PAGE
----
When I began researching my ancestors more than 22 years ago, I started with my maternal line. Upon reflection, that may not have been the best choice because women are often much more difficult to trace than their male counterparts. March is National Women's History Month, and the perfect time to research your female ancestors. Whether you're just beginning or have hit a brick wall in your search, here are a few tips to get you on track to tease out those maiden names and focus more on the women in your family tree.
1. Fill in the blanks. Choose a female line to focus on. If you’ve got a number of maiden name blanks (Anna __or Mary __) on your family tree, make it your mission to try to find those maiden names. Not sure where to begin? Need a refresher course? View the Chasing Women: Finding Your Female Ancestors webinar, or pick up a copy of the Finding Female Ancestors Legacy QuickGuide™(Print, or PDF).
2. Learn about the time period. To make sure you’re not overlooking important sources, you should always learn the federal, state, and local laws that influenced your female ancestors’ rights for voting, naturalization, and other matters. For example, you can learn more about Women’s Suffrage from theNational Archives, Archives Library Information Center (ALIC), or dig into special manuscript collections or Harvard University Library’s Open Collections Program “Women Working, 1800-1930” to research women’s occupations. Find even more special collections via the National Union Catalog of Manuscript Collections (NUCMC). Enjoy other educational opportunities by attending a women's study lecture (check with community organizations or libraries in your local area for special events), or self-study sessions on the Library of Congress website, or History.com.
3. Tell “her” story. Give voice to your female ancestors by telling their stories. The research I did on my maternal lines eventually became the foundation for my first book, Three Slovak Women, in which I pay tribute to my mother and grandmother.
If writing a book seems a bit too ambitious, try a smaller project. For example, you can write a series of profiles about different female ancestors and create a Blog where you can post them for others to read and enjoy.
4. Create a photo collage or remembrance. If writing is not your thing, then tell the stories through images or video. They say “a picture is worth a thousand words.” Truly nothing evokes emotion like a photograph—especially one of a favorite female ancestor. Create a simple photo collage that can also double as a photo timeline. First, if you haven’t done so already, scan some images of your favorite females. The Flip-Palmobile scanner can help you get the job done. Print the images (at home if you have a photo printer, or use a local printing service). To get your images looking just right, pick up a copy of Geoff Rasmussen’s Digital Imaging Essentials. Then, purchase an inexpensive segmented collage frame at your local retail store, and insert your printed photographs. One option is to create a traditional multi-generational theme, showing several generations of women from the same family tree (e.g. you, your mother, your grandmother, great-grandmother, etc.). Alternatively, you can get creative and use themes such as holidays (your female ancestors at Christmas, Easter, etc.), or a broader theme such as family gatherings (baptisms, weddings, vacations or other special events). Another great idea is to create a photo story book or scrapbook (services such as MyCanvas from Ancestry.com, Shutterfly, or Snapfish, allow you to create customizable books or other keepsakes of different styles and price ranges. For something even more special, you could create a video, using a service such as Animoto—an online service where you can quickly create a video using still images, music, and text (their free service limits you to 30 second videos; pricing plans are available for longer videos).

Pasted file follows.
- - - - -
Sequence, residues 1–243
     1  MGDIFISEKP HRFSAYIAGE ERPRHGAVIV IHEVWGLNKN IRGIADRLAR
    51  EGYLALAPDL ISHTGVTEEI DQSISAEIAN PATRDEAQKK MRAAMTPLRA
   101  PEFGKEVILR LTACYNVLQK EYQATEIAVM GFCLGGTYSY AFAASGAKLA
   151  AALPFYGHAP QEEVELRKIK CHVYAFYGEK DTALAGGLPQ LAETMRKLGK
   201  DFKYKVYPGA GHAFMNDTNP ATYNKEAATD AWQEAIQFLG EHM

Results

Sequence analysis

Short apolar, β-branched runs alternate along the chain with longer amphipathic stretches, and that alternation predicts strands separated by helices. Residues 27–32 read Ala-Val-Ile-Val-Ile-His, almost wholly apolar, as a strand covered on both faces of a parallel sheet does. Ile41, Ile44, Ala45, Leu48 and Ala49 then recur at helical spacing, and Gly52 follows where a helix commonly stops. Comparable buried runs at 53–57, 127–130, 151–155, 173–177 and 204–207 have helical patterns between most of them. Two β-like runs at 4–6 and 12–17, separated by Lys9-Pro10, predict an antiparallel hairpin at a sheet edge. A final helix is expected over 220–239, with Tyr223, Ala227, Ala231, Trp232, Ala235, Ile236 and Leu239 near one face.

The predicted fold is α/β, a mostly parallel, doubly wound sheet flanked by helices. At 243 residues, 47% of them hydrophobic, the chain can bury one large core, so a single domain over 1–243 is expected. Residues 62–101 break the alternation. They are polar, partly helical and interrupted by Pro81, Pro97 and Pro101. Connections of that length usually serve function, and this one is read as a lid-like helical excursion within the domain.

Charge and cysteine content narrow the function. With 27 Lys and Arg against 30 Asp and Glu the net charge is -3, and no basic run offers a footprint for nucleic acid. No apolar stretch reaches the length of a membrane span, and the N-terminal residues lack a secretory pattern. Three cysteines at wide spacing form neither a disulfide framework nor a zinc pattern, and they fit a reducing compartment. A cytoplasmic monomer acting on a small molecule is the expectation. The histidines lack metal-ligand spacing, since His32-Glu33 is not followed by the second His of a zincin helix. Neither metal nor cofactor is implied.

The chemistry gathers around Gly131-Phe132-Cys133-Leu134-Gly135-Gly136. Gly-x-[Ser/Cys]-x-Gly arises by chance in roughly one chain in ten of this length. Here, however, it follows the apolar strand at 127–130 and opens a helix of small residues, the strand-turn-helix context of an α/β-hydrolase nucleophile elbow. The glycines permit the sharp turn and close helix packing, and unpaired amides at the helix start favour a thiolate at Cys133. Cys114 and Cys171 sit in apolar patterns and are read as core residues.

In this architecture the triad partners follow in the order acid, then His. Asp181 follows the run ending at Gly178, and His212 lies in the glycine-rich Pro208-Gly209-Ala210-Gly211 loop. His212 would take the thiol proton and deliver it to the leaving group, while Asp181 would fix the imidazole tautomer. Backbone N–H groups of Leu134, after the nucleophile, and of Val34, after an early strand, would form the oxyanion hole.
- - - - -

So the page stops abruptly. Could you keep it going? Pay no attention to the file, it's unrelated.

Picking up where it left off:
5. Preserve precious memories or memorabilia. If you’re fortunate to have a female ancestor’s diary, scrapbook, or other treasure, consider turning it into a digital preservation project. Susan Peterson, who writes the Long Lost Relatives blog, found an interesting was to preserve her great grandmother’s autograph book using SlideShare. I hope to do something similar with my mother’s autograph book. In addition, there are plenty of other projects you can do such as heritage crafts, quilts, and even recipe books. I don’t know about you, but I can’t wait to get started on my list of projects to celebrate the fabulous females in my family.
Lisa A. Alzo is a freelance writer, instructor, and lecturer. She is a frequent presenter for the Legacy Family Tree Webinars series.
Copyright 2013-14, Lisa A. Alzo
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